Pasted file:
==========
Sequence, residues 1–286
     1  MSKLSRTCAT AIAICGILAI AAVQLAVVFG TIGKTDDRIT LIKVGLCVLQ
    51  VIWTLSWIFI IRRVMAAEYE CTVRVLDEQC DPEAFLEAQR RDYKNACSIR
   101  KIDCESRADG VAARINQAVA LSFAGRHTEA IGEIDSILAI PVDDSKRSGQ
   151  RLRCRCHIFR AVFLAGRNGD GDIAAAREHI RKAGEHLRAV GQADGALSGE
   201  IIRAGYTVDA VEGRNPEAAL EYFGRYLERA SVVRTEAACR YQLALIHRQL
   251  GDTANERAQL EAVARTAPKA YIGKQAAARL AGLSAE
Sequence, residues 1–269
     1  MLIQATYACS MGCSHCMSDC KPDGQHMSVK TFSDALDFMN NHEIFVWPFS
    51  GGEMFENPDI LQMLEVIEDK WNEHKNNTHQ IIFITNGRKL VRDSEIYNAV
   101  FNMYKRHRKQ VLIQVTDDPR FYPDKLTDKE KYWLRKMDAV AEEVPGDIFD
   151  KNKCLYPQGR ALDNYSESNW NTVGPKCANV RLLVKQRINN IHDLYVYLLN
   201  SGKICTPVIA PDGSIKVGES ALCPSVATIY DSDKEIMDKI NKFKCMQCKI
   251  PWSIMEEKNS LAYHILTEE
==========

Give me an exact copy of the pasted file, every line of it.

Sequence, residues 1–286
     1  MSKLSRTCAT AIAICGILAI AAVQLAVVFG TIGKTDDRIT LIKVGLCVLQ
    51  VIWTLSWIFI IRRVMAAEYE CTVRVLDEQC DPEAFLEAQR RDYKNACSIR
   101  KIDCESRADG VAARINQAVA LSFAGRHTEA IGEIDSILAI PVDDSKRSGQ
   151  RLRCRCHIFR AVFLAGRNGD GDIAAAREHI RKAGEHLRAV GQADGALSGE
   201  IIRAGYTVDA VEGRNPEAAL EYFGRYLERA SVVRTEAACR YQLALIHRQL
   251  GDTANERAQL EAVARTAPKA YIGKQAAARL AGLSAE
Sequence, residues 1–269
     1  MLIQATYACS MGCSHCMSDC KPDGQHMSVK TFSDALDFMN NHEIFVWPFS
    51  GGEMFENPDI LQMLEVIEDK WNEHKNNTHQ IIFITNGRKL VRDSEIYNAV
   101  FNMYKRHRKQ VLIQVTDDPR FYPDKLTDKE KYWLRKMDAV AEEVPGDIFD
   151  KNKCLYPQGR ALDNYSESNW NTVGPKCANV RLLVKQRINN IHDLYVYLLN
   201  SGKICTPVIA PDGSIKVGES ALCPSVATIY DSDKEIMDKI NKFKCMQCKI
   251  PWSIMEEKNS LAYHILTEE